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I'm fairly new to C, and I'm trying to write a utility to open all event handlers which handle EV_KEY events, and give me a list of their file descriptors (while they're still open). The function which does all of that appears to be functioning properly, when when I try to loop over the file descriptors, I'm getting a smashed stack error. I tried compiling each C file with gcc's -Wall flag to find what might be causing the problem, but it hasn't helped me. Here's my code:

int *get_key_handlers() {

    int *fds;
    int fd;
    int num_handlers = 0;
    struct dirent *dp;
    DIR *dir;
    char full_path[100];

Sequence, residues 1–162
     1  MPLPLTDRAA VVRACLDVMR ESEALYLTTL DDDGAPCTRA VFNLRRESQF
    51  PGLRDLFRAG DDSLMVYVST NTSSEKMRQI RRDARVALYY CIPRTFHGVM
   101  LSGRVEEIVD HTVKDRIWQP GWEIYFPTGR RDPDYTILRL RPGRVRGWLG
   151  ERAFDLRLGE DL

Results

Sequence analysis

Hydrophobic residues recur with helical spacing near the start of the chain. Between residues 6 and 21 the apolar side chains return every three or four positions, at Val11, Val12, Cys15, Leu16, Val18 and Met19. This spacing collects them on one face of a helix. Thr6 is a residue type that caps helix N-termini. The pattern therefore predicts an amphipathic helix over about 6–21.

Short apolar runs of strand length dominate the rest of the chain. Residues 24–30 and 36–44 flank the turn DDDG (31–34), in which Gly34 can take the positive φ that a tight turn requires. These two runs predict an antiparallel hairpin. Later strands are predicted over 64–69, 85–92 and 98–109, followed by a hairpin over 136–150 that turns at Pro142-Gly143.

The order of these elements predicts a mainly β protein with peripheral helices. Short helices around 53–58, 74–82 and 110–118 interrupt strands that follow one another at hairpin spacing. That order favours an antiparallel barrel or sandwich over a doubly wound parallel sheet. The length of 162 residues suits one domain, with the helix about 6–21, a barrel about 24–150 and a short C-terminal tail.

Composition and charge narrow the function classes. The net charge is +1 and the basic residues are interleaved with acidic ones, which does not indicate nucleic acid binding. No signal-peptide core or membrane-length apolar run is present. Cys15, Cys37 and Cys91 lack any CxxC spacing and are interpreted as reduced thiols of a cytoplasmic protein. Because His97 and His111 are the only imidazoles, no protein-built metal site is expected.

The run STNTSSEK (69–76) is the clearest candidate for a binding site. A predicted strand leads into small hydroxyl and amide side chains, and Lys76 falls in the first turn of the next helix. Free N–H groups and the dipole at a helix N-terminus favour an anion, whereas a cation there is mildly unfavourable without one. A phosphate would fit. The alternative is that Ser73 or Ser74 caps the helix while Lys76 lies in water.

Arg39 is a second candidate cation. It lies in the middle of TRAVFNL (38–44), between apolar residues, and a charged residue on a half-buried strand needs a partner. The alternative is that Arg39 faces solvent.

char *base_path = "/dev/input/";

    printf("Creating file descriptor array\n");
    fds = malloc(sizeof(int*)*32);   // not currently going to bother
                                     //   with more than 32 handlers

    printf("Opening event handler directory\n");
    if (!(dir = opendir(base_path))) {
        return 1;
    }

    printf("Beginning reading through directory\n");
    while ((dp = readdir(dir))) {

        if (dp->d_name && !strncmp(dp->d_name, "event", 5)) {

            // cat the base path and device name, store in full_path
            snprintf(full_path, sizeof(full_path), "%s%s", base_path, dp->d_name);
            printf("Found handler at %s\n", full_path);
            fd = open(full_path, O_RDONLY);

            printf("Detecting handler features...\n");
            unsigned char results[EV_MAX/8+1];